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year he was created Baron Eymouth, and in 1685 Lord Churchill; he was also sent as Ambassador to France to notify James's accession to the throne, and on his return was engaged in the suppression of Monmouth's rebellion. In 1688, however, he joined the Prince of Orange, and was severely censured for the desertion of his former master; his ostensible motive was a regard for the religion and liberties of his country, while his enemies charge him with a sordid attention to his own interest. He was rewarded by William with several offices, and the title of Earl of Marlborough; and, as Commanderin-Chief of the English army, served with great reputation in the Netherlands and in Ireland. In 1692, however, he was committed to the Tower on a charge of high treason, which not being substantiated he was discharged, although, from subsequent disclosures, there is reason to believe that he was actually engaged in a plot for the restoration of James.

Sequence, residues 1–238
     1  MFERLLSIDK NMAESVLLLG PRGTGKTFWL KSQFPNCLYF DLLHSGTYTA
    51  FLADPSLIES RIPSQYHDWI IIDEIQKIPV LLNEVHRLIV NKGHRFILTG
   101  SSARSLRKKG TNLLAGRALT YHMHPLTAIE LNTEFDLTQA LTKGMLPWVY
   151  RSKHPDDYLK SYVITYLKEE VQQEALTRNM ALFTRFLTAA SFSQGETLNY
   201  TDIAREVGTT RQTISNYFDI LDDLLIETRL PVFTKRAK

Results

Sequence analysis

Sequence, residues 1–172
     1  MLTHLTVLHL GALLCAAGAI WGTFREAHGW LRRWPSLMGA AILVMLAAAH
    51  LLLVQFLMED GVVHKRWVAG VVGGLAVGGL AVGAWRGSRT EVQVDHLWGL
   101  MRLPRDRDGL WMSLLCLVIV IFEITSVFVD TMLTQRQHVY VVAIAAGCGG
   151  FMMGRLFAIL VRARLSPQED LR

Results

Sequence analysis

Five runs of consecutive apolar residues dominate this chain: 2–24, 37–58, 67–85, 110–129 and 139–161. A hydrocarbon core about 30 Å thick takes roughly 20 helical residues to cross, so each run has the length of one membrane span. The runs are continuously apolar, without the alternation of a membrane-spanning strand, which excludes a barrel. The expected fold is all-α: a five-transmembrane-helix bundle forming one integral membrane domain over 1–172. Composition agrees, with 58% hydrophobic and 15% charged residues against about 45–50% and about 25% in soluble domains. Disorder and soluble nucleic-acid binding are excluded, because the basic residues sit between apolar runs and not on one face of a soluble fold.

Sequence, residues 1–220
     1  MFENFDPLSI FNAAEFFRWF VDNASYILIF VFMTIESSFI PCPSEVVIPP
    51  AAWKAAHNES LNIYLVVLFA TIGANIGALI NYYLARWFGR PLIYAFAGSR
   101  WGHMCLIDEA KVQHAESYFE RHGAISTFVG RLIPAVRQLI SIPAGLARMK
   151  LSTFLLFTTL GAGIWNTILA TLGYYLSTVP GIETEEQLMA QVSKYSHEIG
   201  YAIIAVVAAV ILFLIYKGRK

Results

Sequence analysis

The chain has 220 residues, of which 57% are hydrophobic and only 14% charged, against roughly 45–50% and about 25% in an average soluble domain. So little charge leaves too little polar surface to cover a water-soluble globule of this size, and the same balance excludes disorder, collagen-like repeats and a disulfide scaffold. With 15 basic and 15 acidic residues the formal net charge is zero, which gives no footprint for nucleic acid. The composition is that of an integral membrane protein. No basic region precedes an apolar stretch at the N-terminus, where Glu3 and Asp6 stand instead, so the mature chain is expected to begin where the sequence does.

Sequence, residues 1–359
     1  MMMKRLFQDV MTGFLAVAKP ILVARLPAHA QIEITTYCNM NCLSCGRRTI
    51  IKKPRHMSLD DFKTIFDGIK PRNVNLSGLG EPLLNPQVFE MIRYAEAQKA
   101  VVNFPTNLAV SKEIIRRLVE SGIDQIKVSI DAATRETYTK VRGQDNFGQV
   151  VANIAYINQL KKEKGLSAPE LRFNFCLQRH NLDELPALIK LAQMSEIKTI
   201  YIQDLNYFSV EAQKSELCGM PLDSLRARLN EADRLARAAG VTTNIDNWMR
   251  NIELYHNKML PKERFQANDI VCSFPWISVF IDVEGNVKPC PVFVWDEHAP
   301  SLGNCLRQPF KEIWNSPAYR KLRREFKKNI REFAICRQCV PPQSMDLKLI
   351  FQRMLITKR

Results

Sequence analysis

On the death of Queen Mary, in 1694, he was restored to favour, and appointed governor to the Duke of Gloucester, the heir presumptive to the throne. He was afterwards reinstated as Commander of the English forces in Holland, and was also constituted Ambassador to the Hague. In 1702 the States appointed him Captain-general of their army, with a large salary; and having thus the uncontrolled command of the united forces, he carried on the war against France with the greatest vigour and success; subdued Liege, and several other towns in Flanders, and received the thanks of Parliament, and the title of Duke of Marlborough, with a pedsion for life of £5000. It would be impossible here to enumerate all the victories gained by this great commander; we can merely mention, that during nearly ten years, he was uniformly successful; in 1704 he gained the battle of Blenheim, which was rewarded by his own country with the manor of Woodstock, a large grant of land, and the magnificent palace of Blenheim; and by the Emperor of Germany with the principality of Mindelsheim; subsequent victories were recompensed by further honours and rewards; and while the Duke was astonishing all Europe by his military talents, he distinguished himsell, in an equal degree, by the political ability he displayed in several negociations with the various Courts, whom it was the interest of England to render inimical to France, or friendly to the allies. His Duchess, also, by her unbounded influence over the Queen, contributed much to his power, and watched his interests at home with unceasing vigilance. Her insolent superiority, however, at length disgusted the Queen; intrigues were formed; she was dismissed from her office in 1709; and although the Duke still continued at the head of the army, means were taken by the Tories to raise a clamour against the war, and a new ministry being formed, he was at length deprived of his command in 1712, and, with signal ingratitude, a prosecution was commenced against him for an alleged misappropriation of the public money. In disgust he withdrew to the Netherlands, where he was received with the greatest honours, and on the accession of George I was restored to the post of Commander-inChief, which he retained but a short time. After a few years spent in the retirement of private life, his mental faculties decayed, he lingered some time in a state of dotage, and expired in 1722, in the 720 year of his age.